Last month, I addressed the Connecticut Supreme Court’s decision in Curry v. Allan S. Goodman, which expanded state disability laws to match (or in some cases, exceed) the scope of the federal Americans with Disabilities Act (ADA).
The employer has moved, on limited grounds, to have the court reconsider its decision. You can download a copy of the motion here.
One of the grounds raised by the employer is something that I touched on before — namely that the court is expanding the duty to provide reasonable accommodation to former employees who request reinstatement and an accommodation.
The employer has also requested reconsideration on the grounds that the court’s ruling could also be interpreted to require an employer to convert a temporary light duty position into a permanent one, contrary to the general rule cited by the court. Because the case’s procedural status was that of a summary judgment, the employer also expressed its concern that the court’s rulings could be seen as determinations of fact in case that still has issues of disputed facts.
The brief’s relevant portion is as follows:
In this case this court has ruled, for the first time, that the disability provisions of General Statutes § 45a-60(a)(1) require an employer to make the same kind of reasonable accommodation required under the Americans with Disabilities Act of 1990 (“ADA”), 42 U.S.C. § 12112(b)(5)(A). However, in the course of applying this principle to the facts of this case, this court addressed issues other than the application of the reasonable accommodation requirement itself. In this regard, the opinion identifies two actions that “satisfy the plaintiff’s burden of initiating the interactive process.” 286 Conn. at 417.
The first is the plaintiff’s “affirmative request to continue working the warehouse night shift in March, 2001.” Id. The second is plaintiff’s counsel’s letter of April 19, 2001 requesting that the defendant “(1) reconsider its decision; (2) provide a cost-benefit analysis supporting its decision to terminate the plaintiff; and (3) continue to grant the plaintiff the accommodation of having another worker assist him when it became necessary to retrieve boxes that weighed more than the plaintiff’s lifting restrictions.” Id.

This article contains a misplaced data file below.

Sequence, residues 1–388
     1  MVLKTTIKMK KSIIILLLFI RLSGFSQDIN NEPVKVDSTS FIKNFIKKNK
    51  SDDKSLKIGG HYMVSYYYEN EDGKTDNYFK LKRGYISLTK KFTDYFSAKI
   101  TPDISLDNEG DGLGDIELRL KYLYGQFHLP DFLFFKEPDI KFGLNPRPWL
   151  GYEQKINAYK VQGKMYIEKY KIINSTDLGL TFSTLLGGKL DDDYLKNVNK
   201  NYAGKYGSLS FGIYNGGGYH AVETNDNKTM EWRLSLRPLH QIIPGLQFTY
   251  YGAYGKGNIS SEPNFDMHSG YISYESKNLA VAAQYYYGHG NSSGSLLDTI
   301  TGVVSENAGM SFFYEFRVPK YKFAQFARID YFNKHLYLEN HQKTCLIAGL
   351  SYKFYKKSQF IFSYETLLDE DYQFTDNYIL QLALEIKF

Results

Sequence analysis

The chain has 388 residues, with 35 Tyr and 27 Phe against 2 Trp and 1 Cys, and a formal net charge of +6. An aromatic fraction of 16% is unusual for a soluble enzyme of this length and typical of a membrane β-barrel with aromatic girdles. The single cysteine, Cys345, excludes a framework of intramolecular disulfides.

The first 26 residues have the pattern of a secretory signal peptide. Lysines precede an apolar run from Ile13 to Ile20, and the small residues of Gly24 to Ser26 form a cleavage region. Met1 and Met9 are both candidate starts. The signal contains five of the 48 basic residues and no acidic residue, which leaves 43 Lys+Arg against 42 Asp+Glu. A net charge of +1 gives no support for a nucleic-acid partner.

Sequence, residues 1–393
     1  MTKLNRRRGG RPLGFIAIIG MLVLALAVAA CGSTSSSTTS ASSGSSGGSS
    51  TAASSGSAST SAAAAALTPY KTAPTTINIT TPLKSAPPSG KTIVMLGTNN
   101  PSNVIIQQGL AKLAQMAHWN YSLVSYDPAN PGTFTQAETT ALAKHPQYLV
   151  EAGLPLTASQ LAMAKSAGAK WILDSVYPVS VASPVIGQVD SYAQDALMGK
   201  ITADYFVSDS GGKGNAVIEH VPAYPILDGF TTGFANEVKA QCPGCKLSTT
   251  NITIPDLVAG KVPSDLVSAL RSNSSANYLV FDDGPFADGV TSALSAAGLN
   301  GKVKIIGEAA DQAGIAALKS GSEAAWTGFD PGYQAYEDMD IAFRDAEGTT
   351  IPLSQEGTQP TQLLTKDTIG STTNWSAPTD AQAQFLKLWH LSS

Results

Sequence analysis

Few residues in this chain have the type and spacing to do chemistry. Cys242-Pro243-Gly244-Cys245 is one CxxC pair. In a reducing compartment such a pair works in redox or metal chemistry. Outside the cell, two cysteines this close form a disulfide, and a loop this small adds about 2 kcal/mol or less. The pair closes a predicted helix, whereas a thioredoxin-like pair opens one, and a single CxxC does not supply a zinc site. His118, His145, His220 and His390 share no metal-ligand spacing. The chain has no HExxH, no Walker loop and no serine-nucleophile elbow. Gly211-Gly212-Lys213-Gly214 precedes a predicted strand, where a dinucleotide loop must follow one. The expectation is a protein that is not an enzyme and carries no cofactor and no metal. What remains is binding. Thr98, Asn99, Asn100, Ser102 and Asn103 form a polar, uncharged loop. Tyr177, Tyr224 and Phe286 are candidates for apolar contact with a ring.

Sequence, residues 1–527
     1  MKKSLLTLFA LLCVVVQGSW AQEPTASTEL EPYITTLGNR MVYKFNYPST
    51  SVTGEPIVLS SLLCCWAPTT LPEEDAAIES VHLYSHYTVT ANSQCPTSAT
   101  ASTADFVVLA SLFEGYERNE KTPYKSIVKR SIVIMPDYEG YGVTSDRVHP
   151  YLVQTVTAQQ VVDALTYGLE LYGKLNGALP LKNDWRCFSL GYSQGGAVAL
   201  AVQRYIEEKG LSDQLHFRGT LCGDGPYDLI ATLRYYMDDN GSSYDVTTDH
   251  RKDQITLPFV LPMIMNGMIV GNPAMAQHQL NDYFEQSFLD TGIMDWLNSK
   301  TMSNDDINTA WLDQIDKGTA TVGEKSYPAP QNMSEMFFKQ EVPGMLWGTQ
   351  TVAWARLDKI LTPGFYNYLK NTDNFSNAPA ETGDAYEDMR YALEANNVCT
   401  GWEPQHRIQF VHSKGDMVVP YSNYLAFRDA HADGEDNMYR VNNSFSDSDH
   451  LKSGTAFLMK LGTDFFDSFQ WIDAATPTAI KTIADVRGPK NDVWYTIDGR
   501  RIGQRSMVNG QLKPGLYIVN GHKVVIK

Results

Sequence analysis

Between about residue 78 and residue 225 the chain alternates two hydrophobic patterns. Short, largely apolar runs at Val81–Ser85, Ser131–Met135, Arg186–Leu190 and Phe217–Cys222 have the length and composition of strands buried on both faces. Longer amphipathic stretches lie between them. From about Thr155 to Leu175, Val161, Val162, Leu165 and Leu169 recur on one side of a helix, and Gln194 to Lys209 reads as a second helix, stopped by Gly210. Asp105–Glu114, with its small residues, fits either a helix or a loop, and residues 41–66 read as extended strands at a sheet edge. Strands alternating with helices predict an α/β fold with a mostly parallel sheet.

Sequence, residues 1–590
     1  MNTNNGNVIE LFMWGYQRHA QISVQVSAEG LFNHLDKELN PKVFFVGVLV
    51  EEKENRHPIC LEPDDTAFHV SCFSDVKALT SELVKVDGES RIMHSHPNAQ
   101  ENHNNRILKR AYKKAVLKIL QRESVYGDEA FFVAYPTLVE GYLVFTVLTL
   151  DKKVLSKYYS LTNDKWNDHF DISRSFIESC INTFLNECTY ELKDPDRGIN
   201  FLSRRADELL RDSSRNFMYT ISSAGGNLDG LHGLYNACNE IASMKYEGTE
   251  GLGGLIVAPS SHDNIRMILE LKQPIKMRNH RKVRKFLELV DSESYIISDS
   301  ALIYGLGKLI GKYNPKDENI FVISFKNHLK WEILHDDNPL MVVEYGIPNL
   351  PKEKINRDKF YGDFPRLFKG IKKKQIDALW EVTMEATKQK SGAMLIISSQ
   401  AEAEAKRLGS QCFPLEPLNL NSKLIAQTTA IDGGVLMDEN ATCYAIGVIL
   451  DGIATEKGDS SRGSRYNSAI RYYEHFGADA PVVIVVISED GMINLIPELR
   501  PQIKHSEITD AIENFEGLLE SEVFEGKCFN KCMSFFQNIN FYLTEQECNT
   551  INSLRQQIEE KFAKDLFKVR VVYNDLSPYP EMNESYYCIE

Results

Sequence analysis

However, as the opinion notes, the defendant did not contest the claim that the statute required it, prior to the defendant’s termination, to make some accommodation and to engage in an interactive process with the employee to determine if a reasonable accommodation existed. Rather, the focus of the parties below was on the adequacy of the employer’s efforts at reasonable accommodation, not on whether the two actions cited by the court constituted new requests for accommodation requiring a new interactive process. There are, at the very least, serious questions whether either of the actions cited by the court is sufficient to trigger this obligation.
It’s too easy for some to state that all employers are the "evil empire" and that all arguments that they raise are frivolous.
But as I’ve noted before, the grounds the employer raises here are sensible ones. The Court went beyond what it needed to to make its decision and, in doing so, created some rules that could have significant implications in all disability cases in Connecticut.
Here’s hoping that the Connecticut Supreme Court takes the time to review them; otherwise, there may be a lot of busy employment law lawyers later this year.